It goes without saying in Colorado that mountains are only interesting once they reach 14,000′ in elevation. If you take a boring old 13,999-foot-tall pile of rocks and stack on a few more, well, just watch what happens! Boom! The clouds part, out come the trumpet-wielding cherubim, and you’ve achieved mountaineering nirvana. It’s all about the altitude! I’ve climbed a fair number of 14ers and a fairer number of 13ers, 12ers, 11ers, and (shhhh!) even a few 10ers (not even above tree line! How shameful!) and found that some of them are really nice too. And some of those vaunted 14ers? They’re really pretty dumb and a waste of time (I’m looking at you, Mt. Bross!)
No, but seriously, Coloradans worship their 14ers and, by and large, completely ignore anything not on “the list“. For contrarian mountaineers like myself, this has certain advantages. It means that, if I want solitude, I climb a 13er. But if you want good access, well-marked trails, and thoroughly-documented logistics (as well as a social summit), pick one of the 54-ish mountains from the list and go.
I was in no mood for logistical hassles, but at the same time I wanted to see something new. At the same time, I’ve climbed all the local 14ers. The closest one I haven’t explored yet was Mt. Holy Cross, so named because of the huge snowy cross shape that appears on the eastern face during certain times of year. Even though Holy Cross is third-to-last on the list (at 14,005′, it barely makes the list and is thus suspicious and maybe even probationary), it has a great reputation for being pointy, remote, and even has its very own wilderness area! Perfect!
Even though it’s a 14er, Holy Cross isn’t TOO easy to access. I still drove 2.5 hours out to Vail, turned left to Minturn, and then drove eight rattly, dark miles up Tigiwon Road to the Half Moon Trailhead. After a surprisingly good half-night under the stars, I started packing up as the last of the trailhead parking spots filled up.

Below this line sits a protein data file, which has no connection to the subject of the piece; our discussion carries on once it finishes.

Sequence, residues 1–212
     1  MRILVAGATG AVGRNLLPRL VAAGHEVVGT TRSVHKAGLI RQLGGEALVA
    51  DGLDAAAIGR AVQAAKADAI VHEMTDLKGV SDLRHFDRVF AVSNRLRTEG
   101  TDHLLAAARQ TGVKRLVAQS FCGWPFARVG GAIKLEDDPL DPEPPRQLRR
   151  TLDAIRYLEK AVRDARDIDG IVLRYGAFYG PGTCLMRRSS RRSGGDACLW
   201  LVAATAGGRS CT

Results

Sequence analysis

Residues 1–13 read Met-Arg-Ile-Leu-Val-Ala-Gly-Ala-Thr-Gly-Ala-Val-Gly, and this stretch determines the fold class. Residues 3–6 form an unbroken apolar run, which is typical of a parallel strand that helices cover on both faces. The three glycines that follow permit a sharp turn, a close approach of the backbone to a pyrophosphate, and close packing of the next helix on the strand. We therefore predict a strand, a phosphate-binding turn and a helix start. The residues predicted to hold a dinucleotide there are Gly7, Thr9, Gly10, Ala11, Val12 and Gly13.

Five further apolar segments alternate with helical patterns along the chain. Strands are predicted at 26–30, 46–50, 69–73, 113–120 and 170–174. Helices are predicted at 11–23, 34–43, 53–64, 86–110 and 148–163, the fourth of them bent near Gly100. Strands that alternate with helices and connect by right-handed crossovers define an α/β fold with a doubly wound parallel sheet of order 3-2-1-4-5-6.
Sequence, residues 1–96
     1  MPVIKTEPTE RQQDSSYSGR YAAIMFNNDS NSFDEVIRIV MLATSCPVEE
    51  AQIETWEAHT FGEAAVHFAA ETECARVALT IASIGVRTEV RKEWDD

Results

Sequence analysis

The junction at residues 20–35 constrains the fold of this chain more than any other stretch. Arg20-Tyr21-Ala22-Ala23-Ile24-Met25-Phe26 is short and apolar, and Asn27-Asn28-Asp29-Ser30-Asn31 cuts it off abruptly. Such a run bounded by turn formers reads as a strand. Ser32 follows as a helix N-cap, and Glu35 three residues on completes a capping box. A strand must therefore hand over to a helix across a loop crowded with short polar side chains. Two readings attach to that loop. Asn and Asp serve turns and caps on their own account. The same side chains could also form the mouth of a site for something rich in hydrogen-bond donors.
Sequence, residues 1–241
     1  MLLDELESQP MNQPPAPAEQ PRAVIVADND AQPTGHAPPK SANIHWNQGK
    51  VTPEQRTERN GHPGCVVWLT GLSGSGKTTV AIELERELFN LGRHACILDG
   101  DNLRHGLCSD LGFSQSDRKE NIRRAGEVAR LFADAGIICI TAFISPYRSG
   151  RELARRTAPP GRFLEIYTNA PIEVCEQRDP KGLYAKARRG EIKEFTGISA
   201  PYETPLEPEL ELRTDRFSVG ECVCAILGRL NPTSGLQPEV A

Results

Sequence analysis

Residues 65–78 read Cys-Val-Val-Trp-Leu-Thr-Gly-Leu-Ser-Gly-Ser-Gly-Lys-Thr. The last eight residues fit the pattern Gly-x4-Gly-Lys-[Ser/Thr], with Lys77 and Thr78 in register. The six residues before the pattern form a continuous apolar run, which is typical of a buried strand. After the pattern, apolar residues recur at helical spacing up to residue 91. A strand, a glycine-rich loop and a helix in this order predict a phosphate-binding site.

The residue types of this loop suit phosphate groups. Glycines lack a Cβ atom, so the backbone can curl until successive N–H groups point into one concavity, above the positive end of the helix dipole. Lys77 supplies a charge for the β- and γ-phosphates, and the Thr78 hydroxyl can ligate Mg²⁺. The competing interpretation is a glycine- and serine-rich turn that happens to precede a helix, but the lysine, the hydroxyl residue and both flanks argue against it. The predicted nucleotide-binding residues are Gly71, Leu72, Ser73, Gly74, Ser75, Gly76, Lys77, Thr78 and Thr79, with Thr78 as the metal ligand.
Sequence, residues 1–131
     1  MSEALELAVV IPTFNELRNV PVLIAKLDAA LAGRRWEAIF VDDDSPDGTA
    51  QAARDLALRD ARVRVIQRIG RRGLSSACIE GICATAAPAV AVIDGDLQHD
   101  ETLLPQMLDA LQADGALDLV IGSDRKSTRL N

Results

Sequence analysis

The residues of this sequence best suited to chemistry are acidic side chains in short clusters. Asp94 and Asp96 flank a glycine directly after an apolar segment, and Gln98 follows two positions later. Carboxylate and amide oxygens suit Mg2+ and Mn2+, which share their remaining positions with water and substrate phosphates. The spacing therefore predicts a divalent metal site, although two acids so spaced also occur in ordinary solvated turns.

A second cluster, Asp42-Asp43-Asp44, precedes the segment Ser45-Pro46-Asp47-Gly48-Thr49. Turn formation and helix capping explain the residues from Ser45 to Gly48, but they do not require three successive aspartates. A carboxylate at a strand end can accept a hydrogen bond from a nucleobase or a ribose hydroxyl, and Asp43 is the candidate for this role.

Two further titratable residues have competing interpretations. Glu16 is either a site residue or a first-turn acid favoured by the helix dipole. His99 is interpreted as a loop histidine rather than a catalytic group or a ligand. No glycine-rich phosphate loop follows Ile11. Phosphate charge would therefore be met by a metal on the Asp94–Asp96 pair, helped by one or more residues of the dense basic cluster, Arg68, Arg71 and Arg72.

What Holy Cross lacks in stature amongst its 14er bretheren, it makes up for in attitude. First you climb up 1300′ of Bonus Elevation to Half Moon Pass before dropping back 1000′ to East Cross Creek. Holy Cross is also shy; you can’t see the mountain from the trailhead or many other places in the state, but half-way down from Half Moon Pass you come around the shoulder of Notch Mountain and get your first, knock-your-socks-off view. Boom! Suitably inspired and with the warm-up now over, you get to do the blazing 3300′ climb in something like 2 miles. The trail is good the whole way, so it’s basically a big stairway, but the air is thin and the climb unrelenting.
I lounged on the summit (shared with four others, naturally) and admired the view. The great thing about Sawatch peaks is that there are mountains on display for a hundred miles in all directions. Talking with my fellow summiteers, we identified all of the Elk Range 14ers, most of the Front Range 14ers, and about half of the others in the Sawatch Range. “Ooh, I wonder what those are?” I exclaimed, pointing out a rough cirque ringed by dark, jagged peaks in the middle distance. “Oh, that’s nothing,” said one of the other folks, dismissively. Well sure, I realize they’re not on the damned list, but they look amazingly cool. (They turn out to be a bunch of high-12ers which compose the Lime Creek Cirque.)